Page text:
You may think of your mouth as just one component, but there are several parts of your mouth that are incredibly detailed and function differently from one another (and yet, all together too). Believe it or not, there are differing dental specialists for your teeth, gums, and jaw. Two of these specialists that often get confused by patients is the endodontist vs periodontist. Many adults will be referred to one of these specialists at some point in their lives for treatment that focuses on a specific area.

Regular dental care from a general dentist is, of course, important, but when they can’t treat complex oral health or pain, they may give you a referral to a specialist who can better address the need at a deeper level. Specialists possess more experience and understanding of their respective fields and work to support dental care for the long term.

Before deciding who you should be referred to, we explain below how to better understand how an endodontist vs periodontist differ from each other and why each is so important to caring for your health.

What is an Endodontist?

First, what is an endodontist? An endodontist is a dental specialist who practices caring for the tooth pulp and the tissues surrounding the root of a tooth, as well as the diseases and conditions that affect them.

Endodontists perform a variety of procedures including root canals, retreatment of failed root canals, endodontic surgery, as well as treating cracked teeth and dental trauma. Root canals are typically the most common procedure performed by an endodontist, but can also span to other treatments that support the tooth and pain that may be occurring.

The process of a typical root canal removes infected, inflamed, and damaged dentin from inside your tooth while preserving as much of the root and enamel as possible.

Who Should See an Endodontist?

A general dentist can manage some simple endodontal needs, but more complex cases that require root canal therapy in teeth with root configuration or surgical procedures would need the expertise of a specialist. At their core, the goal of an endodontist is to save your natural teeth for as long as possible.

A dentist will usually refer cases to an endodontist that include the following:

  • Tooth decay
  • Intricate fillings
  • Sensitivity to hot, cold, or sweet foods.
  • Complex root canal treatment procedures.
  • Abscessed teeth requiring surgical procedures.
  • Injury to a tooth that cracks or damages it.
  • Swelling of your face/gums, especially near a tooth.
  • Complex treatments like with combined periodontal and endodontic problems.

No one enjoys having work done on their teeth. However, when it comes to tooth pain, it’s important to take care of it as soon as possible so that it doesn’t get worse over time.

If you’re experiencing tooth pain or have injured your tooth, make an appointment with an endodontist or pay a visit to your dentist.

What is a Periodontist?

So what does a periodontist do? A periodontist is a dental specialist who focuses on supporting structures around the teeth and the diseases and/or conditions that affect them. In other words, they specialize in saving your gums. The supporting tissues include the gingiva (gums), alveolar bone, cementum (root cells), and the periodontal ligament. A periodontist is also trained in the placement and maintenance of dental implants.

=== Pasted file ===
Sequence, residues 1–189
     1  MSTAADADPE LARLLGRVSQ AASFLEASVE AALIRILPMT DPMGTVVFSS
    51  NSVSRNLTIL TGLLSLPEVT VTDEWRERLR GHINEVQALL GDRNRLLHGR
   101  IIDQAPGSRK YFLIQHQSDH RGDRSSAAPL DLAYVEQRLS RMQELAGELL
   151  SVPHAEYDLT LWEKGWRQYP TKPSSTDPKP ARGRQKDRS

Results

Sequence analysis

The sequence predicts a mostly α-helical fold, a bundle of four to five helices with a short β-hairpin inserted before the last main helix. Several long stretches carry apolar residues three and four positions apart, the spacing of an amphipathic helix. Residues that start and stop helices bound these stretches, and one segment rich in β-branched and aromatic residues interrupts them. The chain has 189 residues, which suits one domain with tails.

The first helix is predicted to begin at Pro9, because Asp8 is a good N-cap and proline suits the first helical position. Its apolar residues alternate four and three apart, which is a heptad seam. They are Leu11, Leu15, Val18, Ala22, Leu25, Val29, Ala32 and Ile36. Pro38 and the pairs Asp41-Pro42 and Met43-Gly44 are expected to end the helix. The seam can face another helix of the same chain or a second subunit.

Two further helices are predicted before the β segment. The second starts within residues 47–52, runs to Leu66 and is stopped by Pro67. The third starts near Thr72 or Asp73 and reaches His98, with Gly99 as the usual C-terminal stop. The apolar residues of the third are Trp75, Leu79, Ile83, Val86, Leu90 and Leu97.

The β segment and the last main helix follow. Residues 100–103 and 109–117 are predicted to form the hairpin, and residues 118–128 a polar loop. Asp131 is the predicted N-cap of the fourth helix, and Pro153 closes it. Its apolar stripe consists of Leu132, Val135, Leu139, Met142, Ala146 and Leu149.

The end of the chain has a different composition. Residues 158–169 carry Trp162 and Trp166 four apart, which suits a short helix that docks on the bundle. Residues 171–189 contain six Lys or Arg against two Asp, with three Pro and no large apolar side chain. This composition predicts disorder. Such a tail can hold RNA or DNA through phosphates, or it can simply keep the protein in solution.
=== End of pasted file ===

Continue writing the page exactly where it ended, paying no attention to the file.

Periodontal cases include those with severe gum disease or a complex dental history. Periodontists offer a wide range of treatments, but focus on things like dental scaling, root planing (cleaning of the infected surface of the root), and surgically treating patients with severe gum problems.

Who Should See a Periodontist?

A general dentist can manage some simple periodontal needs. However, as more and more patients exhibit signs of gum disease, coupled with a complex medical history, periodontal treatment may require a greater understanding and increased level of expertise by a periodontist.

A dentist will usually refer cases to a periodontist that include the following:

  • Scaling and root planing, which cleans the surface of an infected root.
  • Root surface debridement (damaged tissue removed).
  • Surgical procedures for people with severe gum infection or damage.
  • Placing, replacing, or repairing dental implants.
  • Moderate to aggressive periodontitis.
  • Complex treatments like with combined periodontal and endodontic problems.

A periodontist will examine your gums for signs of recession, review how your teeth fit together and determine if any teeth are loose, which is a sign of advanced periodontal disease. After reviewing, your periodontist may recommend treatments like antibiotics, gum graft surgery, scaling and root planing, dental crown lengthening, implants, and pocket reduction procedures.

As mentioned before, when it comes to gum or tooth pain, it’s important to take care of it quickly and mention it to your regular dentist or find a periodontist to address the problem.

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We hope this was helpful in sharing how an endodontist vs periodontist specialize in treating specific dental problems.

At Endodontic Specialists, we provide tooth therapy provided by highly skilled doctors intent on serving your root pain quickly and efficiently. Our clients choose us because of our friendly staff, sedation options, experienced physicians, same-day appointments, and long-term pain management. For more information, contact us at 719-599-7665 or fill out our contact form.